Hydration is top of mind for most runners during the hot summer months, but when the winter rolls around, our concern for staying hydrated tends to drop along with the temperature. While you may be sweating less when it’s cold out, maintaining your fluid and electrolyte balance during the winter is still important if you want to feel and perform at your best.
Dehydration can sneak up on you in the cold weather
In the colder weather, we don’t experience the same psychological and physiological triggers to remind us to drink water, but that doesn’t mean we don’t need to drink. In fact, there are several ways winter conditions can actually make you more dehydrated.
Cold, dry air: Cold air contains less moisture than warm air, so your lungs actually have to moisturize the air every time you take a breath. On top of that, when you’re not out for a run, you’re likely spending most of your time in heated buildings, which can also be very dry during the winter months. These dry conditions rob the body of a tiny bit of water every time you inhale, which can add up over the course of a run.
Sweat evaporation: Sweat evaporates very quickly in the cold, so you arrive at the end of a run with relatively dry clothes compared to the summer. This can give you a false impression of how much you were actually sweating during your run, so you may not think you need to drink a whole lot to replace what you’ve lost.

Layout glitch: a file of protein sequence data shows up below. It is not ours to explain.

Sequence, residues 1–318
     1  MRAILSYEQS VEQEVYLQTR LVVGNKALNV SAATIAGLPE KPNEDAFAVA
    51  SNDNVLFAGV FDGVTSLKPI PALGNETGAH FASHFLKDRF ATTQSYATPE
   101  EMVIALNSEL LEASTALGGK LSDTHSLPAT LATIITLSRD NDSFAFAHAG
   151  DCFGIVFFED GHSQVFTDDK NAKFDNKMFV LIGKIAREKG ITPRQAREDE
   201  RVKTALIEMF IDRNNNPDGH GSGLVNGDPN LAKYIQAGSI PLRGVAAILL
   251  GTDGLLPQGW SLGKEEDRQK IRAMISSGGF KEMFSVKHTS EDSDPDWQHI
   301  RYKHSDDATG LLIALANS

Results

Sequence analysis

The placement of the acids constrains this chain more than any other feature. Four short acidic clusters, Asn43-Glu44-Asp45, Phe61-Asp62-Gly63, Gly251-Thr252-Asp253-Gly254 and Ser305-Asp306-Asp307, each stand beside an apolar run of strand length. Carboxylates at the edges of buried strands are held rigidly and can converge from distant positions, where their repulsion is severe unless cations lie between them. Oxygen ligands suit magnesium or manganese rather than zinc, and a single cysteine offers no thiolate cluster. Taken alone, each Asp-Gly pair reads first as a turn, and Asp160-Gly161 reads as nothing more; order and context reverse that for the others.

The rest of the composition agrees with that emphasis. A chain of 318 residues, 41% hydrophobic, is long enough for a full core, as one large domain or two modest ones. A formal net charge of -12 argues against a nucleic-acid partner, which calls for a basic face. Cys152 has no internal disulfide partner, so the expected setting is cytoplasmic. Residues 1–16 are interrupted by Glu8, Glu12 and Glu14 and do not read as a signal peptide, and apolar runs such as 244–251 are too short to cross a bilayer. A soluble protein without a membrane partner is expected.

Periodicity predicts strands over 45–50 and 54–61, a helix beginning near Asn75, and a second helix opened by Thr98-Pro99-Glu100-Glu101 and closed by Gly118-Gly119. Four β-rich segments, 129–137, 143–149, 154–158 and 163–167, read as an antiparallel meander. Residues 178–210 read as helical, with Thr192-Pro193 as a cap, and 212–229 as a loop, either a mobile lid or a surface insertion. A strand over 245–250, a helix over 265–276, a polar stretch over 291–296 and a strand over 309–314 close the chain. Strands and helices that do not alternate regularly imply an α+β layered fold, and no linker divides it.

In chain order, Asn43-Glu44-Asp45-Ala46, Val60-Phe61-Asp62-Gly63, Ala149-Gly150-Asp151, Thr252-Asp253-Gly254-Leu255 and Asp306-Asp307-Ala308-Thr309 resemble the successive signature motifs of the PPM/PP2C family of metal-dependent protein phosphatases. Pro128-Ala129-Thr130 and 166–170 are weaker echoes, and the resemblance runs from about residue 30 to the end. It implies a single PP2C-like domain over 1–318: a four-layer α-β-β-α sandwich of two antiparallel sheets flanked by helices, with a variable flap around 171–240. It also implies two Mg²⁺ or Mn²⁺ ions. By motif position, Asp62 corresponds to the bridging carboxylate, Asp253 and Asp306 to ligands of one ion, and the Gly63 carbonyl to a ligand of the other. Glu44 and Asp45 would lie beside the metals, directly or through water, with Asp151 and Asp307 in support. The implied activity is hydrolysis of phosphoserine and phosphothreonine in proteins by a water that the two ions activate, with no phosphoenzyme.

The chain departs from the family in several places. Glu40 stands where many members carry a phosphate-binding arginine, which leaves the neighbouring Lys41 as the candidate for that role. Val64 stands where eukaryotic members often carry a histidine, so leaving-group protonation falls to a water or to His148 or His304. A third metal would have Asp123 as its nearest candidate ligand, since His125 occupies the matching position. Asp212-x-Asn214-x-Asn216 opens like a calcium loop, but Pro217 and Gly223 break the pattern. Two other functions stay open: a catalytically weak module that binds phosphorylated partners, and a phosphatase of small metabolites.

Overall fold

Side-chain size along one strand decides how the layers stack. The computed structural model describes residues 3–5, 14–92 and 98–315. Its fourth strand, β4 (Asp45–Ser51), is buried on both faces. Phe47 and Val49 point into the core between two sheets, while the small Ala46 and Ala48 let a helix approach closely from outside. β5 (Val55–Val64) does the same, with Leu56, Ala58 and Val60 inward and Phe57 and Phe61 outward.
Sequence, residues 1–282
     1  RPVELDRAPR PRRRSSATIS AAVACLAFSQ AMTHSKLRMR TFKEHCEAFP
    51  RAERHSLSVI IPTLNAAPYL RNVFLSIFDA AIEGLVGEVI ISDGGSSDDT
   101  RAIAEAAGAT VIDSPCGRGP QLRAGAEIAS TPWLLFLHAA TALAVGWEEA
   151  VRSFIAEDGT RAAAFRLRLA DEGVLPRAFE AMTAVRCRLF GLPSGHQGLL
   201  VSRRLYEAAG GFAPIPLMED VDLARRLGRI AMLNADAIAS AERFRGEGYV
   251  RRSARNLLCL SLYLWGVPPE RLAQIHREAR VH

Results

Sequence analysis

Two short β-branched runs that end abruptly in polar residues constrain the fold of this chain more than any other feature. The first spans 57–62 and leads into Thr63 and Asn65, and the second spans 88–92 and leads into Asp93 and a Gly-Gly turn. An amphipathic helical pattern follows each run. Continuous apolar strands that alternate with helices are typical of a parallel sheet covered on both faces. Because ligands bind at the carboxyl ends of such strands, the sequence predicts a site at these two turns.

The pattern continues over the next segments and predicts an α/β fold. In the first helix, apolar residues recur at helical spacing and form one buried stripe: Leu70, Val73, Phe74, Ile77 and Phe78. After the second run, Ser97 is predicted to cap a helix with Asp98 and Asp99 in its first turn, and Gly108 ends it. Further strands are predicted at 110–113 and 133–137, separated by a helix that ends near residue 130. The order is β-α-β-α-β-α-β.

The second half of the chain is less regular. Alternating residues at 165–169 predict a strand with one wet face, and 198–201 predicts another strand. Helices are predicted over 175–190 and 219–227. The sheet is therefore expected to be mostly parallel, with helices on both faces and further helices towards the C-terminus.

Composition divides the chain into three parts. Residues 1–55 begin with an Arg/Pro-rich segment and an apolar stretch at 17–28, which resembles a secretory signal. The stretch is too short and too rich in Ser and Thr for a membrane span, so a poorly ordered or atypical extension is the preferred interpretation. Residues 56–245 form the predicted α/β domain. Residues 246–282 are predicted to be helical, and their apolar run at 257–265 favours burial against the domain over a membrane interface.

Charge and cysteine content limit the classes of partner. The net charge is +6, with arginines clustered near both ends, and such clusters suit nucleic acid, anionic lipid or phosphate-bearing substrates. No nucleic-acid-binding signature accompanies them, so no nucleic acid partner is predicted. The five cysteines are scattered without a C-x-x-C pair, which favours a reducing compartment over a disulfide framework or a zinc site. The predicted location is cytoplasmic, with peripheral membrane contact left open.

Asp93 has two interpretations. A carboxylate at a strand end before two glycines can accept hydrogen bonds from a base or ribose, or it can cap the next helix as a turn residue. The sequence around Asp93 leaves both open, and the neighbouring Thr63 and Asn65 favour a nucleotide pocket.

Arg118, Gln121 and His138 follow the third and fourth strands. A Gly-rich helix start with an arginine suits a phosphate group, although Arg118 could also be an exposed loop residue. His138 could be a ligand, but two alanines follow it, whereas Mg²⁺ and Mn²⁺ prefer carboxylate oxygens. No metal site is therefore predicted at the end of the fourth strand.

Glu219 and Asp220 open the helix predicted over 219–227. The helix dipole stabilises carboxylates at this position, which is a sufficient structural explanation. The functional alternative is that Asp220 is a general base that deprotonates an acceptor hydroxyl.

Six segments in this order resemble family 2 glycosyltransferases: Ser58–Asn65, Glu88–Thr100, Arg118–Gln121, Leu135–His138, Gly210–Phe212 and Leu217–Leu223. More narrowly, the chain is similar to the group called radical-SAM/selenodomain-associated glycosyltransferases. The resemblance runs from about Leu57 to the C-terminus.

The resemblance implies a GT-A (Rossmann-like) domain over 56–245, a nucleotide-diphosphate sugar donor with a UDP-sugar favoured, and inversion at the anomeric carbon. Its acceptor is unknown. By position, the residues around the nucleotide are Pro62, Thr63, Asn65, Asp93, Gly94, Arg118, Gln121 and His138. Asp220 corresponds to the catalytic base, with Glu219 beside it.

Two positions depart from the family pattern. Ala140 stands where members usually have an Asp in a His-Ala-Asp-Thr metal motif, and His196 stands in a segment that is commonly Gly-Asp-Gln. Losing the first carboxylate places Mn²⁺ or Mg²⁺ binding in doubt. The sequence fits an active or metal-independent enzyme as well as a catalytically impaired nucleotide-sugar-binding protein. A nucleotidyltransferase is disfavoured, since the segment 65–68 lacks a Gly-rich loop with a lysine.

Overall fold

Cold diuresis: Your blood flow is constricted in the winter, which can cause your blood pressure to increase. To counteract this increase, your body tries to rid itself of some of the water in your blood by increasing urine output, which can contribute to dehydration.
Do you need electrolytes in the winter?
With all of that in mind, the rules around hydration in the winter are not that different from the rules in the summer. You may, however, need to be more intentional about your fluid intake during the winter because it’s easy to forget you need to hydrate when you’re not a sweaty mess at the end of every run.
Just like in the summer, when your run is less than an hour, water is just fine for replacing fluid lost through sweat and respiration. If you’re running for more than an hour, you should rehydrate with an electrolyte beverage to replace sodium, potassium and other electrolytes lost through sweat. There are plenty of great hydration products on the market, and if you’re struggling with muscle cramps during your runs or you’re simply feeling sluggish and tired every time you lace up your shoes, dehydration or an electrolyte imbalance could be the culprit.